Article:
Paul is not denying that they are intellectual; he is saying that they are not saved. Where are these people in relationship to God? They don’t know Jesus! They may be brilliant in one sense, but what does it matter if they don’t know God. In God’s wisdom, the world did not know God through wisdom. ‘It pleased God through the folly of what we preach to save those who believe.’ It is God’s wisdom that he didn’t save people through wisdom because if he did, the intellectual would be very proud. What do you need to be saved; you need to be really smart, but that is not what the Scriptures say. He is not saying that the message of the Cross is ultimately foolish; it is only foolish in the eyes of the world. Paul studied the Scriptures and he understands worldly wisdom but it simply isn’t the path which we come to know God.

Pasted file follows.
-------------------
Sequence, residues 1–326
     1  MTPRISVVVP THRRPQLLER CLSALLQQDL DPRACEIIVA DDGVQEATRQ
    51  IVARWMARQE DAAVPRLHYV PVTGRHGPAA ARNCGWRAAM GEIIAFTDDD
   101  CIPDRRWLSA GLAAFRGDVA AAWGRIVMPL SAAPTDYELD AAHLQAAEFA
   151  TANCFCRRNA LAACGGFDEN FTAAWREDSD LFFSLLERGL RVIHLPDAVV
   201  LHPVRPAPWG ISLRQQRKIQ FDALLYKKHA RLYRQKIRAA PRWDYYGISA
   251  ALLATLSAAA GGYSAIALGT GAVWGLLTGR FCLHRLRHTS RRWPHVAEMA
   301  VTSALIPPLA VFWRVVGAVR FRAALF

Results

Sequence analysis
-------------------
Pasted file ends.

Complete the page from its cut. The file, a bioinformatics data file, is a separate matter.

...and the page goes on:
We Preach Christ Crucified

In verse 22, ‘Jews demand signs and Greeks seek wisdom, but we preach Christ crucified a stumbling block to the Jews and folly to the Gentiles. But to those who are called, both Jews and Greeks, Christ the power of God and the wisdom of God. We preach to all but only some will be called, but we don’t know who will accept Christ and who will not. God is a very surprising. Paul says to the Corinthians that they are thinking like secular people. He is not criticizing the world here but the Corinthian church because their thinking is all wrong. Paul is telling them that they can’t rely on the rhetoric of a person, nor their artistry and ability. If there is so much focus on style such as the elaborate display of 19th century preaching.